I wrapping up two other projects.
The first project (UxbenkŠ Archaeological Project [UAP], NSF
BCS-0620445, 2006-2009, Alphawood Foundation
2009-2014) is exploring the ways that polities colonize vacant landscapes,
the development complex political and economic institutions, and inter- and
intra-regional relations. This project focuses on UxbenkŠ, a Maya
polity dating from 1900-1200 BP in the tropical lowlands of Mesoamerica.
There I am using archaeological and epigraphic data to trace the spatial
growth of the community and the development of social hierarchies. Prior to
my starting at UNM this project was awarded two research grants from FASMI www.famsi.org
The project's primary goal is to model human behavioral responses to environmental transformation, whether abrupt or gradual, by linking together processes of settlement, resource exploitation, agricultural intensification, competition, and polity stability. The project aims to develop a general theoretical model that integrates population density and distribution, environmental suitability, and political exploitation. A secondary goal is to test this model at UxbenkŠ. Empirical work that I am coordinating includes: (a) generating a precisely dated decadally to annually resolved precipitation record for southern Belize (4000-1500 yrs BP) based on the oxygen isotope values of speleothems (stalagmites) (including several already collected and U/Th dated to this interval); (b) creating ďmulti-proxyĒ lake sediment records of vegetation, fire frequency/intensity; (c) conducting archaeological survey and limited excavations surrounding the pre-Columbian Maya polity UxbenkŠ, focusing on the establishment of the urban/political center and spatial and temporal expansion of domestic compounds and surrounding agricultural fields and terraces into areas of varying productivity; and (d) carrying out ethnographic work with present-day Maya people, particularly the Mopan Maya community of Santa Cruz (on whose communally owned Indigenous lands UxbenkŠ is located) to explore the dynamic human responses to ecosystem change. The work is in collaboration with the Hurricane† Project at Durham University http://community.dur.ac.uk/hurricane.project/index.html and with the Human Ecology laboratory at Penn State University and the radiogenic isotope lab at UNM.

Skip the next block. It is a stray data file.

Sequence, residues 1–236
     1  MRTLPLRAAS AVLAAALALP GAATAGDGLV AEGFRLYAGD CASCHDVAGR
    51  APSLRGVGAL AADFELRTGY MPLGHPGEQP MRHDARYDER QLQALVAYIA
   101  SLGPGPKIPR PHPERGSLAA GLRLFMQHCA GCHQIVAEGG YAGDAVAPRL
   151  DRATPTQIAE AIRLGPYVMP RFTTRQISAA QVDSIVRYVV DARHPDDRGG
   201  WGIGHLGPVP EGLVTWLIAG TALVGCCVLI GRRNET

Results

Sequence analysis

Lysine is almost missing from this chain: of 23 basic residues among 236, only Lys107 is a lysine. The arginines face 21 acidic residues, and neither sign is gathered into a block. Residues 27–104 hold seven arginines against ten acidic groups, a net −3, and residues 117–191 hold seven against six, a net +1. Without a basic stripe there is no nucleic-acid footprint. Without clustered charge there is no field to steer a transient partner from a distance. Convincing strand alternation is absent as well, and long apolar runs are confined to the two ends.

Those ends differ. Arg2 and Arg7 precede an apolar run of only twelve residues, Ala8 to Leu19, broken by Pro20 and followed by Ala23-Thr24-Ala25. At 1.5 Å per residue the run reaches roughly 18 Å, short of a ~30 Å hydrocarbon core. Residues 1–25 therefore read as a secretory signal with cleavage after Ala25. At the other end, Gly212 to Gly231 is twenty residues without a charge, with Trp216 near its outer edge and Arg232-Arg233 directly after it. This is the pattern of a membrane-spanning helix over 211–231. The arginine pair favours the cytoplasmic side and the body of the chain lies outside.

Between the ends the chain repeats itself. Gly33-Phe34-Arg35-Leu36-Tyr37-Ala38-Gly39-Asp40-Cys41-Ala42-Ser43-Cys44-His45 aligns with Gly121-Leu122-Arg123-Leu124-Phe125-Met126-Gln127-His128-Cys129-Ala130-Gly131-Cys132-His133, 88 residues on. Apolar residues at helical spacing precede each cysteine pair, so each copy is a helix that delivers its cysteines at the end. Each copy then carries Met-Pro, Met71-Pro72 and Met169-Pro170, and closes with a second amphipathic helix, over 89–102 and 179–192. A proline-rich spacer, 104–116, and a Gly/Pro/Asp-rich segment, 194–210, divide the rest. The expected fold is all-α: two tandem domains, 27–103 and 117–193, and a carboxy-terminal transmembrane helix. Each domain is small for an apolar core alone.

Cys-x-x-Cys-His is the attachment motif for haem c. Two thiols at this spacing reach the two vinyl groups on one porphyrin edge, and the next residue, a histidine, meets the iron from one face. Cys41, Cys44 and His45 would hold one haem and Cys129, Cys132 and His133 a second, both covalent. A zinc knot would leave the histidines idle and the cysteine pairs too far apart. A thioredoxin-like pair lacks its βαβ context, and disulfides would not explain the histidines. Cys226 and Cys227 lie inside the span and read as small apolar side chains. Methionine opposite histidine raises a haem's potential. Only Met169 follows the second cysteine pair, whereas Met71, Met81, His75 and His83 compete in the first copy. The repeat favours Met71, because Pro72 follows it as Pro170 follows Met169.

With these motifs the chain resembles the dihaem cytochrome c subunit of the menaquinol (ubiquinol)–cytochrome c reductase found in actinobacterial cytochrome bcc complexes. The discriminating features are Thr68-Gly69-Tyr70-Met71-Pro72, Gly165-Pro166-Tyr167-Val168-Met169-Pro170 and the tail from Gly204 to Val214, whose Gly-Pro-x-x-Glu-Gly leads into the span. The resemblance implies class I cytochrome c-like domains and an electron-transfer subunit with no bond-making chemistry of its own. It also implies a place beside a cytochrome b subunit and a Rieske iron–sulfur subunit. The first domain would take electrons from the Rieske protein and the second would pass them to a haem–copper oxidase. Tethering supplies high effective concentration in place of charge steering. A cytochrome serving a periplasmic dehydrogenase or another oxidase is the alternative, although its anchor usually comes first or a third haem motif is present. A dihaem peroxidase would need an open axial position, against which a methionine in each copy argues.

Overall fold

The ethnographic study also includes understanding contemporary agricultural cycles and quantitative experimental work on agricultural productivity, microclimatology, soils, intensity of land use and local-scale spatial differences (e.g., soil, moisture) in the region. Our educational program developed an environmental and cultural heritage curriculum in collaboration with local Maya indigenous leadership groups. See their work at www.teacha.org